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When a group has a religious experience together. These experiences will be shared in the
sense that they will see the same thing, or all experience the `spirit of the Lord' together.
But this does not mean that every single person who experienced it will view the
experience in the same way, or that they will react in the same way.
Group hysteria. This is a recognised effect in social psychology where being in a large
group allows people to act in a way that they wouldn't normally. Group hysteria occurred
at Nazi rallies and could be to blame for corporate religious experiences.
Toronto Blessing In Randy Clark's service, the Toronto congregation manifested what
they saw as signs of God uncontrollable laughter, speaking in incomprehensible
language, rolling on the floor and various other activities.
o But people have argued that these believers were already inclined to behave in
such a way because they choose to attend an evangelical and charismatic church.
o Also the event happened at the end of the service, after praise and prayers, so the
experiences could have been psychological.
What does such an event reveal about God? Does it show a God of love, or simply a God of
control and influence (if a believer is taken over by God, then does this make the believer
less free?) and wasting his powers on insignificant things such as speaking in tongues?
Mark Wynn particular places or pilgrimage can mediate the presence of God. When we
meet a friend, our meeting is coloured by associations (the things we know about each
other, past experiences we've shared), in the same way, we are not neutral observers of
the world, and our feelings towards God do not simply come from nowhere.
A conversion experience is where someone is converted from one religion (or no religion)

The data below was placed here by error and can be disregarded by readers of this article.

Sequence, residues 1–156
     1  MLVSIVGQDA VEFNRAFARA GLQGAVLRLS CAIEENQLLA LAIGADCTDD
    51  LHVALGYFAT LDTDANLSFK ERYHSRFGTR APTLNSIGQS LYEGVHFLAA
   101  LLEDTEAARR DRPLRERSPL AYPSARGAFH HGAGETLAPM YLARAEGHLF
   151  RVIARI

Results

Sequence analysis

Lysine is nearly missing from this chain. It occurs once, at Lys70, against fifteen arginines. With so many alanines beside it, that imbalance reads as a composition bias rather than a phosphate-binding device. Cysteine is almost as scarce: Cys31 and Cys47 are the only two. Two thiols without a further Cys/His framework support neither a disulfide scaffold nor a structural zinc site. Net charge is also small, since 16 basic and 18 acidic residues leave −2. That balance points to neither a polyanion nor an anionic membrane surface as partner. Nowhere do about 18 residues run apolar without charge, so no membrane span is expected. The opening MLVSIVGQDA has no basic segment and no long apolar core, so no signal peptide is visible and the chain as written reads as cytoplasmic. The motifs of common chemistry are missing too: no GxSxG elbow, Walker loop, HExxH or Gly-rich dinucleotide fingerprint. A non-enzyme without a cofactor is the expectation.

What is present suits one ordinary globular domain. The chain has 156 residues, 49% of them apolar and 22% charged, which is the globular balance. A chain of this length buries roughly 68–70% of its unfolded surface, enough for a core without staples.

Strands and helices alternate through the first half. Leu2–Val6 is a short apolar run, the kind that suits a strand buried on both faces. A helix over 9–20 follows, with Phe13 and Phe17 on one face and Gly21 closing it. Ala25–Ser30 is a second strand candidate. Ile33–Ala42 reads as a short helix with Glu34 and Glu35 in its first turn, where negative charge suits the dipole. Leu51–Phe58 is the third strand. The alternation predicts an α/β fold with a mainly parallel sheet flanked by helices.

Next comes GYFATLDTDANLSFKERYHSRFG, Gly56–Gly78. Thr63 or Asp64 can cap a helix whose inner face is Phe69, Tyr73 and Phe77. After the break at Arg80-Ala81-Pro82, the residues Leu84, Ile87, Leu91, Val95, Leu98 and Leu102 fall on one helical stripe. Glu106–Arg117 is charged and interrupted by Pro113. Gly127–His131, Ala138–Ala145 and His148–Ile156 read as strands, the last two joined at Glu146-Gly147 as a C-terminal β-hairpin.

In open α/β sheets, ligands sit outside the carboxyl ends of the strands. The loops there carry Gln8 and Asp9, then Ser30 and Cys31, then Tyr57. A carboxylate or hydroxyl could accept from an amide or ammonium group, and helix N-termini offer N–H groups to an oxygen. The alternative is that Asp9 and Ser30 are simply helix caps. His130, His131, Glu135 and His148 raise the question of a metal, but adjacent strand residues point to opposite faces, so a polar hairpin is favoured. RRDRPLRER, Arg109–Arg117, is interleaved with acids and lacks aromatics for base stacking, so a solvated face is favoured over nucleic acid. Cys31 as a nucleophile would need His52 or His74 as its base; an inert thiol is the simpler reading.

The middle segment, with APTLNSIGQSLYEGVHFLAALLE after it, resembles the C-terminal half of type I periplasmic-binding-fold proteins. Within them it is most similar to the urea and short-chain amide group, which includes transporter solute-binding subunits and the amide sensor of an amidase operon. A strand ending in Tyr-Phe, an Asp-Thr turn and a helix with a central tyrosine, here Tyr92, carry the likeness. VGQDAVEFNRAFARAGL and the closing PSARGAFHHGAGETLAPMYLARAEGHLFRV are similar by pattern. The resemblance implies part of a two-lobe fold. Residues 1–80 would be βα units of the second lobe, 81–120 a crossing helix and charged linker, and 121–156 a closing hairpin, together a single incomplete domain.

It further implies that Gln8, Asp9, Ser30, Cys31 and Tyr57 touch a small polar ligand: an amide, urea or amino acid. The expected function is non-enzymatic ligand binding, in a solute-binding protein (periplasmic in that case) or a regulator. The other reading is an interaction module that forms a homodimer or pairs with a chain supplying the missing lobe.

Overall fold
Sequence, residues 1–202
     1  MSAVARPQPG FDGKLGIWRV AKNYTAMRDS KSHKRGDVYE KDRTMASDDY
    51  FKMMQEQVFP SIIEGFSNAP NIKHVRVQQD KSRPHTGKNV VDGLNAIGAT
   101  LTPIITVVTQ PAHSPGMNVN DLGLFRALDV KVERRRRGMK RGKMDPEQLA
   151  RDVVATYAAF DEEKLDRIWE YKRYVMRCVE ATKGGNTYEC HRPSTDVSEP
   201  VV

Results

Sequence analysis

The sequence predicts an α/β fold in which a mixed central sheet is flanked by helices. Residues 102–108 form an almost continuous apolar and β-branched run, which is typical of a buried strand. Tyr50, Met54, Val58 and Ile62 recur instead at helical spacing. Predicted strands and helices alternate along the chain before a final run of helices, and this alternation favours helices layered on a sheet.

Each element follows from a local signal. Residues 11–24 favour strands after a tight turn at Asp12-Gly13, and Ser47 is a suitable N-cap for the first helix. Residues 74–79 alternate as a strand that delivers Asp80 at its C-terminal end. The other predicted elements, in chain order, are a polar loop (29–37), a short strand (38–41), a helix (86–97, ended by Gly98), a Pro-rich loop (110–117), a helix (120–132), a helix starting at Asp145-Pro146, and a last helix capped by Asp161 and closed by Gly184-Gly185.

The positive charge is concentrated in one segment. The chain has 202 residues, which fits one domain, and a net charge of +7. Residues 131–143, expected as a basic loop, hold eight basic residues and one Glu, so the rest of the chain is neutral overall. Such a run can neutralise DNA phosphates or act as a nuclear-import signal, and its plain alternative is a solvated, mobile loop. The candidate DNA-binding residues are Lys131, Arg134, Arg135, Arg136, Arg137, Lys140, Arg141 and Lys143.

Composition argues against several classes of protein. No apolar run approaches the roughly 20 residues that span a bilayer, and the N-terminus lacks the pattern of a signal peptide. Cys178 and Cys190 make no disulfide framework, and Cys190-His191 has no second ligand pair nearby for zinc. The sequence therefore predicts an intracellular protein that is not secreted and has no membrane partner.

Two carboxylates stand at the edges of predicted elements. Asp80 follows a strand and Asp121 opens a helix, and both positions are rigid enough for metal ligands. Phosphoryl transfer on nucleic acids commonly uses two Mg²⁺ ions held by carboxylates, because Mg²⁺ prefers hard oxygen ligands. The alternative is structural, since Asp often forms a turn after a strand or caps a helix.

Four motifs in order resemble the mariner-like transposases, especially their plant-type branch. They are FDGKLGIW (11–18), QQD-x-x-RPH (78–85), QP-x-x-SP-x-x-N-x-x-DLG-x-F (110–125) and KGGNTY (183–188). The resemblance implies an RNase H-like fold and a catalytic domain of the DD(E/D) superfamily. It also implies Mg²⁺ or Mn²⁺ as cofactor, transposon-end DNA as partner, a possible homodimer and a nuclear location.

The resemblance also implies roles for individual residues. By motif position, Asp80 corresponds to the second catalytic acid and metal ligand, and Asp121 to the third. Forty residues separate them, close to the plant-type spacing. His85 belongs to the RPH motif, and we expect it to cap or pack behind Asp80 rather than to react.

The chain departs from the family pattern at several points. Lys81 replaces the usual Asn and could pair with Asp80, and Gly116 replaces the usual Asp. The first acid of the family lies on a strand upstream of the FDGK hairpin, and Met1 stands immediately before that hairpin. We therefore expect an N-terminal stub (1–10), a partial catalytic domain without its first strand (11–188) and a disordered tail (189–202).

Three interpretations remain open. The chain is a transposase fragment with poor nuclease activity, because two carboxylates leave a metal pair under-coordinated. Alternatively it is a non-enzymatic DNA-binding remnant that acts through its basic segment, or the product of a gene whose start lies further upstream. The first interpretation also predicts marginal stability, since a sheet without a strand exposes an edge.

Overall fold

The most famous of these is Saul (Paul) on the road to Damascus. He is thrown from his
horse, blinded and hears God's voice. He then becomes Christian and eventually, a saint.
Conversion experiences can be dramatic (like Paul's) or can occur gradually over a period
of time (these are more common).
Some people view religious experiences as just the way you experience ordinary things. Perhaps in
prayer, in joint activity with others, in aesthetic experience (wondering at the world) or just
particular details in everyday life.
Religious experience as `experiencing-as'
Wittgenstein considered the philosophical significance of puzzle pictures (e.g. the
duck-rabbit picture, which appears as either a duck or a rabbit depending on the angle it is
viewed at).Wittgenstein reckoned that these puzzles are philosophically interesting they
suggest that the world is never `just' such and such, there is a variety of possible ways of
Hick then interpretted Wittgenstein's idea. He said that a religious believer and an atheist
would view the same thing, but would interpret it in such different ways that they would
have completely different experieces.
o This can be likened to John Wisdom's parable of the gardener (invisible vs
This idea makes sense we are not experiencing different things, so there are no issues
with why God would put efforts into revealing himself to the occasional believer. We
experience the same things, but perceive them differently.
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But this view of things may be insufficient as an understanding.
Brümmer - the original duck-rabbit is neither a duck nor a rabbit, but lines on a page,
whereas the religious claim is to interpret the world as it really is. The believer is not
merely having a different sort of experience but claiming that their perception is the true
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A person is brought up in religion create experiences to fit the religion backs
up religion so more experiences created more evidence for religion etc.
o Some people who don't have faith commitments claim religious experiences.
Also argues through the falsification principle that religious experiences are meaingless.
Hume conflicting claims
Different religions claim different experiences of different Gods, yet all claim theirs is
correct. Surely this means that they are all wrong, and cancel each other out.…read more